Abstract: People living with the human immunodeficiency virus (HIV) have an elevated risk of opioid misuse due to both prescriptions for HIV-associated chronic pain and because injection drug use remains a primary mode of HIV transmission. HIV pathogenesis is characterized by chronic immune activation and microbial dysbiosis, and translocation across the gut barrier exacerbating inflammation. Despite the high rate of co-occurrence, little is known about the microbiome during chronic opioid use in the context of HIV and combination antiretroviral therapy (cART). We recently demonstrated the reduction of the CD4 + T-cell reservoir in lymphoid tissues but increased in microglia/macrophage reservoirs in CNS by using morphine-treated, simian immunodeficiency virus (SIV)-infected rhesus macaques with viremia suppressed by cART. To understand whether morphine may perturb the gut-brain axis, fecal samples were collected at necropsy, DNA isolated, and 16S rRNA sequenced and changes of the microbiome analyzed. We found that morphine treatment led to dysbiosis, primarily characterized by expansion of Bacteroidetes, particularly Prevotellaceae, at the expense of Firmicutes and other members of healthy microbial communities resulting in a lower α-diversity. Of the many genera in Prevotellaceae, the differences between the saline and morphine group were primarily due to a higher relative abundance of Prevotella_9, the taxa most similar to Prevotella copri, an inflammatory pathobiont in the human microbiome. These findings reinforce previous research showing that opioid abuse is associated with dysbiosis, therefore, warranting additional future research to elucidate the complex interaction between the host and opioid abuse during HIV and SIV infection. Graphical abstract: [InlineMediaObject not available: see fulltext.]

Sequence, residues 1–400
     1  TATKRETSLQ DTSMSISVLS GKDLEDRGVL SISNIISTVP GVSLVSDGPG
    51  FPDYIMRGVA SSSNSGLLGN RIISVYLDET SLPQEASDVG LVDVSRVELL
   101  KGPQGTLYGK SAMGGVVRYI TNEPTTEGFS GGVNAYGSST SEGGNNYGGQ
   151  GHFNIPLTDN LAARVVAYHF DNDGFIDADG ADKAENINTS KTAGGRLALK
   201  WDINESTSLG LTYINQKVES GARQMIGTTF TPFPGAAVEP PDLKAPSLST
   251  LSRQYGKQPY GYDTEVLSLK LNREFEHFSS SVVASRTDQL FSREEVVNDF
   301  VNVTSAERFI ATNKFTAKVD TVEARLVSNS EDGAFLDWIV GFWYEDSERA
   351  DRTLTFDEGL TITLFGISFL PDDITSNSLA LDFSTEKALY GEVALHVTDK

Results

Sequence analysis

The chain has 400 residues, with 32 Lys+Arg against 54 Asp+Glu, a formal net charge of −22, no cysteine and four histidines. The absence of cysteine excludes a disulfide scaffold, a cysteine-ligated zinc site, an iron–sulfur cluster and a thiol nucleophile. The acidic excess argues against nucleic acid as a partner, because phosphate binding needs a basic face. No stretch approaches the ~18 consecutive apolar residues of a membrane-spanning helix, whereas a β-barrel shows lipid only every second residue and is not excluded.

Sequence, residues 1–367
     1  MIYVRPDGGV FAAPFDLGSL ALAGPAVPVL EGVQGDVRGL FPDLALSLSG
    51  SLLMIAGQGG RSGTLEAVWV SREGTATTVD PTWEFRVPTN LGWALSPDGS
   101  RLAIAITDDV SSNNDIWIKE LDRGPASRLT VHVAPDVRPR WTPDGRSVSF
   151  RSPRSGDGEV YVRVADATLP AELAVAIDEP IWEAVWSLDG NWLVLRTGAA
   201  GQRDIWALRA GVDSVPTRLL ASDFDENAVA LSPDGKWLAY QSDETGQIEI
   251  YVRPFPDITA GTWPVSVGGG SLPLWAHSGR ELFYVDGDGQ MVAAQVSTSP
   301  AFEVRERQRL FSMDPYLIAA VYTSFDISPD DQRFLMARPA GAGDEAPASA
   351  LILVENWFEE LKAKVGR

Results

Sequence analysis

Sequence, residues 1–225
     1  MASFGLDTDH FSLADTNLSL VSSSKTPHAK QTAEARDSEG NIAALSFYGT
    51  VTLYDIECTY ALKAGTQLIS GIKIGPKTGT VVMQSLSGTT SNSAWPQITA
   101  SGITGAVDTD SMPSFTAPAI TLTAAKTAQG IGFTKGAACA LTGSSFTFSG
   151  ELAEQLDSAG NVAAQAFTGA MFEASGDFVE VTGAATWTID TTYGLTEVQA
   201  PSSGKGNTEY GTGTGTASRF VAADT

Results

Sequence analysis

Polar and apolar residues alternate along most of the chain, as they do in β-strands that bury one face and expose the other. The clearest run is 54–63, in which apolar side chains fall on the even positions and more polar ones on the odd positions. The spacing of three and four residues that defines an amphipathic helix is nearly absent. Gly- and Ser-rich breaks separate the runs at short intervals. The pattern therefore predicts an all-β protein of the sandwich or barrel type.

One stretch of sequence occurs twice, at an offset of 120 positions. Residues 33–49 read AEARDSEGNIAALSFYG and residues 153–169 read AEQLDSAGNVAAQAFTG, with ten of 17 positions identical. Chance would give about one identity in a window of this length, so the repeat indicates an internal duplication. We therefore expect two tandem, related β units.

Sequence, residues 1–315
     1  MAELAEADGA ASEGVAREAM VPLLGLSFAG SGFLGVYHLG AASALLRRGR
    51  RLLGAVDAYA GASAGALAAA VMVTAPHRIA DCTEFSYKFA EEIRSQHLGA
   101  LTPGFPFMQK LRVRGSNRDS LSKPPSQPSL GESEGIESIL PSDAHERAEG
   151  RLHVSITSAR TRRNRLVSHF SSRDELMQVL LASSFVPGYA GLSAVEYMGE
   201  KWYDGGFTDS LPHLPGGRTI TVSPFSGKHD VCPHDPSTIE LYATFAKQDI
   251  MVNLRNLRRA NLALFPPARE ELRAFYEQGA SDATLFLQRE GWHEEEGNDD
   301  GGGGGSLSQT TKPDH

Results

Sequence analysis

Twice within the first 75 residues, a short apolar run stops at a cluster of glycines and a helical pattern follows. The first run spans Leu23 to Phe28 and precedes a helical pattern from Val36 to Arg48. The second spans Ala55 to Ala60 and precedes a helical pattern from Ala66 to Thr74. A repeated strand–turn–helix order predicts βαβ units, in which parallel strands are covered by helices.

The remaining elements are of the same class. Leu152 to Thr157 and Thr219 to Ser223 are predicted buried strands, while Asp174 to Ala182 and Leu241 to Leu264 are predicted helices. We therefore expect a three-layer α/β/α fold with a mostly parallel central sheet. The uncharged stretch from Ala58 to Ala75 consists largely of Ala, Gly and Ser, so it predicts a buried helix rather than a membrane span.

Original languageEnglish (US)
Pages (from-to)3-14
Number of pages12
JournalJournal of Neuroimmune Pharmacology
Issue number1-2
StatePublished - Jun 2022


  • Combination antiretroviral Therapy
  • Macaque models
  • Microbiome
  • Opioids
  • Simian immunodeficiency virus

ASJC Scopus subject areas

  • Neuroscience (miscellaneous)
  • Immunology and Allergy
  • Immunology
  • Pharmacology


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